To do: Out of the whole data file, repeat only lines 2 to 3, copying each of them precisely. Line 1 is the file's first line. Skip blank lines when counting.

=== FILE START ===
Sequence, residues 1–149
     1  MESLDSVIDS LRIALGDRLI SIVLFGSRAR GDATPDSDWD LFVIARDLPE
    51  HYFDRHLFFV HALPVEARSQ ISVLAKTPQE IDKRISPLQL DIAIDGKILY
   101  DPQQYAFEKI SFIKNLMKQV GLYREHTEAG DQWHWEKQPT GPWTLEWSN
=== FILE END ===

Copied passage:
     1  MESLDSVIDS LRIALGDRLI SIVLFGSRAR GDATPDSDWD LFVIARDLPE
    51  HYFDRHLFFV HALPVEARSQ ISVLAKTPQE IDKRISPLQL DIAIDGKILY